Friday, May 20, 2011

Anatomy of a Water Filter

In an email from Steve Rutledge, president of Adopt a Village in Laos, on March 9, he had estimated that he would need at least 500 water filters. On May 14, when he and Mike Yap, the other half of the organization, attended my 'To Laos with Love' presentation, Steve informed me that that original estimate had doubled. In other words, at least 1,000 water filters will be needed for the 2011-2012 season.

Manufactured in Chamapasak province, Laos, these gravity-fed water purification filters are effective, easy to use, portable, lightweight, inexpensive, long lasting, chemical free and durable solutions to providing clean drinking water, which we in the West take for granted. At $55.00 Canadian per unit, this is a small price to pay for a healthier life.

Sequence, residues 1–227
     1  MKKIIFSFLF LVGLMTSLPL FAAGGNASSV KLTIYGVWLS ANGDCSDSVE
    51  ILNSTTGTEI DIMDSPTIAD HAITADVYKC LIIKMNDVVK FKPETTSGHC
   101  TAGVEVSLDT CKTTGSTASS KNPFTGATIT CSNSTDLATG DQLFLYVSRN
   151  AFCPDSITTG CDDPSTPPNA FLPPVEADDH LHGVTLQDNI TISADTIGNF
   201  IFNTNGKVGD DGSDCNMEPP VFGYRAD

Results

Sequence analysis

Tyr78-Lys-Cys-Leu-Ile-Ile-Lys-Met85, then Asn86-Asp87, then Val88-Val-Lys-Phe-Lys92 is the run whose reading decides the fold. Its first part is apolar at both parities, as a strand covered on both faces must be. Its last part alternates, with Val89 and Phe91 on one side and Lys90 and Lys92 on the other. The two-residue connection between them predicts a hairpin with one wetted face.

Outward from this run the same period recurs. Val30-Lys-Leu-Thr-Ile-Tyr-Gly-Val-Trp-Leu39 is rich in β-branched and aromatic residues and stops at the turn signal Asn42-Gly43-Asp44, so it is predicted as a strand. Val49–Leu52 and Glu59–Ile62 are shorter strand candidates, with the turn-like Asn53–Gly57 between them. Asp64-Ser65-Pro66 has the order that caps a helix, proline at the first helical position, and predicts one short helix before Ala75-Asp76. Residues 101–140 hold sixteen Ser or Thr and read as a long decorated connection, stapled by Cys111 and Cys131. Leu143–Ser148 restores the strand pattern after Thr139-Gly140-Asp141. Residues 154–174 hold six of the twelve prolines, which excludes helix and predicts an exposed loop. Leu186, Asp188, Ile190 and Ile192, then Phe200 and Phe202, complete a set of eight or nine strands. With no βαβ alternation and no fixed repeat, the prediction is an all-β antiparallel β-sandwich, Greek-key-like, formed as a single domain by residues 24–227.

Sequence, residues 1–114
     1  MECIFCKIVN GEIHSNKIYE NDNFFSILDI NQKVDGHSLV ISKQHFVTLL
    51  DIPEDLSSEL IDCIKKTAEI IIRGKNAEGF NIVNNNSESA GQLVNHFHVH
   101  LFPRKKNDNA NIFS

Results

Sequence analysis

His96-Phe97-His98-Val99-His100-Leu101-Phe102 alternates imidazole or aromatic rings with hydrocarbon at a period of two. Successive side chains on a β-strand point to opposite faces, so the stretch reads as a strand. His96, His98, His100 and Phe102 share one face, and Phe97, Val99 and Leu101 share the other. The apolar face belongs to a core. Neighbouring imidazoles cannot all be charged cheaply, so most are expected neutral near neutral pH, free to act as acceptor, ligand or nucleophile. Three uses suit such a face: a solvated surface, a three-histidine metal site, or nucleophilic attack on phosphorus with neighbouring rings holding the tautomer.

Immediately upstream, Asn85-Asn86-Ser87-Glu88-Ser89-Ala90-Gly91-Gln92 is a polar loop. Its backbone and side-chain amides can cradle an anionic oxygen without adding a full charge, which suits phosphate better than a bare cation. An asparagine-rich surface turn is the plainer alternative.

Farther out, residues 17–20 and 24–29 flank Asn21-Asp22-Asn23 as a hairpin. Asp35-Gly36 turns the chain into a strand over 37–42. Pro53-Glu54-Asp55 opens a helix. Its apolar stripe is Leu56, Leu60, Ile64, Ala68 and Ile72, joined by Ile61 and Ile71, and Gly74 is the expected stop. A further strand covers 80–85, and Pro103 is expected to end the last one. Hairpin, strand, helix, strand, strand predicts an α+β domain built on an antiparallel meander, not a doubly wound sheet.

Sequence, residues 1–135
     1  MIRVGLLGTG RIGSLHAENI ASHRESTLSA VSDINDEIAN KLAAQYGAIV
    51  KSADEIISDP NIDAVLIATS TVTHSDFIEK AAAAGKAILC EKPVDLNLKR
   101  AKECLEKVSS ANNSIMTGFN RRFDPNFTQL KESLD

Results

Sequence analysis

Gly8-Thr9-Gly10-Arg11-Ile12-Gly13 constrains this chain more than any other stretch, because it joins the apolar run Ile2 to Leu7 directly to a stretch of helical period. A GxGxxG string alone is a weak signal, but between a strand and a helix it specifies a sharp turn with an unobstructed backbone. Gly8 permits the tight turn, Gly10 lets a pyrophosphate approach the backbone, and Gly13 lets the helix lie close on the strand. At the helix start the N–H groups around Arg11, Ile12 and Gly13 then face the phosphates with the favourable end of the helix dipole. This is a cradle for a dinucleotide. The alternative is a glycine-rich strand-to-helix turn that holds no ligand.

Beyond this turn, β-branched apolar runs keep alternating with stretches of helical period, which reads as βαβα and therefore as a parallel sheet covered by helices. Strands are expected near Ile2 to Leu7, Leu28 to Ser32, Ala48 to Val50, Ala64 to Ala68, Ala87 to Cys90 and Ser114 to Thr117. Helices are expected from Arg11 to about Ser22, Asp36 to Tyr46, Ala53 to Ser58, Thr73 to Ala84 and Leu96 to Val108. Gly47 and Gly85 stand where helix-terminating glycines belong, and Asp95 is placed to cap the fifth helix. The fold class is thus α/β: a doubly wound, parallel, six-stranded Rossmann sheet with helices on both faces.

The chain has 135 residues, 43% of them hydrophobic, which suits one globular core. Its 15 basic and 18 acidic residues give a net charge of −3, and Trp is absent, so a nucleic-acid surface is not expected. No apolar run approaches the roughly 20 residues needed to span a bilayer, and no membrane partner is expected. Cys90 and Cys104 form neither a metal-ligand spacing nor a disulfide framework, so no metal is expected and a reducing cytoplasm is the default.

The illustration above reveals the ceramic filter suspended within its plastic housing. The filter's extremely small pores are highly effective at removing bacteria, protozoa, helminths, turbidity and other suspended solids. When properly used, up to 99.99% of bacteria is reduced.

Before each hill tribe family can receive a water filter, one member from each family must take a hygiene course to learn how to maintain the unit properly.

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